—an exile driven on by Fate, he was the first to flee the coast of Troy, destined to reach Lavinian shores and Italian soil, yet many blows he took on land and sea from the god above— thanks to cruel Juno's relentless rage—and many losses he bore in battle, too, before he could found a city, bring his gods to Latium, source of the Latin race, the Alban lords and the high walls of Rome.

At the University of Toronto Bookstore yesterday, I discovered I had been too hasty in buying the David West prose translation of Virgil's Aeneid last year. Penguin has just released a new verse translation by Robert Fagles, whose verse editions of Homer's The Iliad and The Odyssey I have enjoyed and own. If the new work is anything like the previous two, it will be eminently readable.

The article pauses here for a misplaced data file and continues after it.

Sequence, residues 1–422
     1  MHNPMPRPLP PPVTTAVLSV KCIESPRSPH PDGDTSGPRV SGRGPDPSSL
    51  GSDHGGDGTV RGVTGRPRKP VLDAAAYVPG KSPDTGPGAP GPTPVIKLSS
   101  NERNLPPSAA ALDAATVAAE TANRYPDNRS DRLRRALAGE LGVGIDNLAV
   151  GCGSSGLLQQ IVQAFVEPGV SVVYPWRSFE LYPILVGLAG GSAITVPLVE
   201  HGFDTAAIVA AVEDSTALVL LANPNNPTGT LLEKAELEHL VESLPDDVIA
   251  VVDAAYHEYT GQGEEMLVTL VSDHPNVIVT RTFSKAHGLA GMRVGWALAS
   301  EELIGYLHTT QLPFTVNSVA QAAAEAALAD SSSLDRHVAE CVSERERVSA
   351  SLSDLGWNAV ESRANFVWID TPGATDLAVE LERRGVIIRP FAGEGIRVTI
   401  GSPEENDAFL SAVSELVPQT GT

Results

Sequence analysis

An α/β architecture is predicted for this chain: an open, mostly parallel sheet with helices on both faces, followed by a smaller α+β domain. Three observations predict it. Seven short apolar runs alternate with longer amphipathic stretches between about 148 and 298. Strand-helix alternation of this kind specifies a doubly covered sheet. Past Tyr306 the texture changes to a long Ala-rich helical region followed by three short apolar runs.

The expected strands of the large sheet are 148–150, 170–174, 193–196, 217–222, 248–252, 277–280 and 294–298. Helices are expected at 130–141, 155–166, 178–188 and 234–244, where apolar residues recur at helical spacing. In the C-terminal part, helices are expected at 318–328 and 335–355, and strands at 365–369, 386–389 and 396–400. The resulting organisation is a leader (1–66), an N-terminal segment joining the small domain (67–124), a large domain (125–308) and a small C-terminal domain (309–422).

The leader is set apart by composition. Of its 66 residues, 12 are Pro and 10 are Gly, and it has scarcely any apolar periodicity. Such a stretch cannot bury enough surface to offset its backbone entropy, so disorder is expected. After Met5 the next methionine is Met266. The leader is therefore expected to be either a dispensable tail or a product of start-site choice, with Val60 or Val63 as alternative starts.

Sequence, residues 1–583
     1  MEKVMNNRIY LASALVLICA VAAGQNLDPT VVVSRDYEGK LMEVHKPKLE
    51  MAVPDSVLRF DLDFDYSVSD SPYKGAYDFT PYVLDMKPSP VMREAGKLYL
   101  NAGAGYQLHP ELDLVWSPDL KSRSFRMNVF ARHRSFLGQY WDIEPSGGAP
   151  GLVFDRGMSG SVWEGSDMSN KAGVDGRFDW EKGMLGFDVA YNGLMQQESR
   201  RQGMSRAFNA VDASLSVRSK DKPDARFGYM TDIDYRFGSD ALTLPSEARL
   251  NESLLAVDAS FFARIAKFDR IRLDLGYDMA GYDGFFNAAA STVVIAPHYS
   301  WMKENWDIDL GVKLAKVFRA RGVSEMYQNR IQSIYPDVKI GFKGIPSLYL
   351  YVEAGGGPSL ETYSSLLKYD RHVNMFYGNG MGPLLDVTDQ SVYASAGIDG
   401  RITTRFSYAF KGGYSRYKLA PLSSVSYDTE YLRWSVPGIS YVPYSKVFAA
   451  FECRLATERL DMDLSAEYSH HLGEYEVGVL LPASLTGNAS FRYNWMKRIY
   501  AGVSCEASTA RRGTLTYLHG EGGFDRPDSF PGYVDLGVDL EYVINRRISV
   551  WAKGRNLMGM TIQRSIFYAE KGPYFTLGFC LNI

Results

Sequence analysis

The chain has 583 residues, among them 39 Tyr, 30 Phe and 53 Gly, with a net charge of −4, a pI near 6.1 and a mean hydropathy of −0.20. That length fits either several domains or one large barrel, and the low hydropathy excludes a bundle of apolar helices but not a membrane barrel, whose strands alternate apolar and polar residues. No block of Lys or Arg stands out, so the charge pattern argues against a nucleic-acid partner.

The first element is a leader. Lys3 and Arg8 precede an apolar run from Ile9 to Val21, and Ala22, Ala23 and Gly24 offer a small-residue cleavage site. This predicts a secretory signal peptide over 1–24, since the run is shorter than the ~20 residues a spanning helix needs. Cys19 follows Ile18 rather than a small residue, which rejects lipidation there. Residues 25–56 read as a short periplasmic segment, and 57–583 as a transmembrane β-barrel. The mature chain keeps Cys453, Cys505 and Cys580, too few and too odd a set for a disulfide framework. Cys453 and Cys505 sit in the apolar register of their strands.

You may have been turned off, as I once was, by the tendency of translators of Greek and Latin works to use archaic English grammar ("thee/thou/thy") and diction to emphasize the age of the originals. The best feature of Fagles' translations is modern English with excellent diction and vivid imagery. "Fresh" is a common descriptor in the broad critical praise his works have earned, and for good reason. The accessibility of the language makes it easier for casual readers to immerse themselves in the stories, which become as compelling as they must have been to contemporaries of the authors.


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